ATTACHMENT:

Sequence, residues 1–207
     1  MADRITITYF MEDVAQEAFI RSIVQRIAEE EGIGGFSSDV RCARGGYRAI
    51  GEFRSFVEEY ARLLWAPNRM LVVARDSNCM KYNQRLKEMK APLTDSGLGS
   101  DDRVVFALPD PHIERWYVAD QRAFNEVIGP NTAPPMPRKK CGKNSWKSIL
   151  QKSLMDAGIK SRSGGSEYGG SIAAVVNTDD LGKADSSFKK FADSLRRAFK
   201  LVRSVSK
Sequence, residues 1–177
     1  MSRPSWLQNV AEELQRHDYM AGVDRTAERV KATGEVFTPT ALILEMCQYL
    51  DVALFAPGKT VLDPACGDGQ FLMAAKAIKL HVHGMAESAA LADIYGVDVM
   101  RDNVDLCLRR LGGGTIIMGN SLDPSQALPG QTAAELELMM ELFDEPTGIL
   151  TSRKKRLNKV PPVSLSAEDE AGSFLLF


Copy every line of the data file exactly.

Sequence, residues 1–207
     1  MADRITITYF MEDVAQEAFI RSIVQRIAEE EGIGGFSSDV RCARGGYRAI
    51  GEFRSFVEEY ARLLWAPNRM LVVARDSNCM KYNQRLKEMK APLTDSGLGS
   101  DDRVVFALPD PHIERWYVAD QRAFNEVIGP NTAPPMPRKK CGKNSWKSIL
   151  QKSLMDAGIK SRSGGSEYGG SIAAVVNTDD LGKADSSFKK FADSLRRAFK
   201  LVRSVSK
Sequence, residues 1–177
     1  MSRPSWLQNV AEELQRHDYM AGVDRTAERV KATGEVFTPT ALILEMCQYL
    51  DVALFAPGKT VLDPACGDGQ FLMAAKAIKL HVHGMAESAA LADIYGVDVM
   101  RDNVDLCLRR LGGGTIIMGN SLDPSQALPG QTAAELELMM ELFDEPTGIL
   151  TSRKKRLNKV PPVSLSAEDE AGSFLLF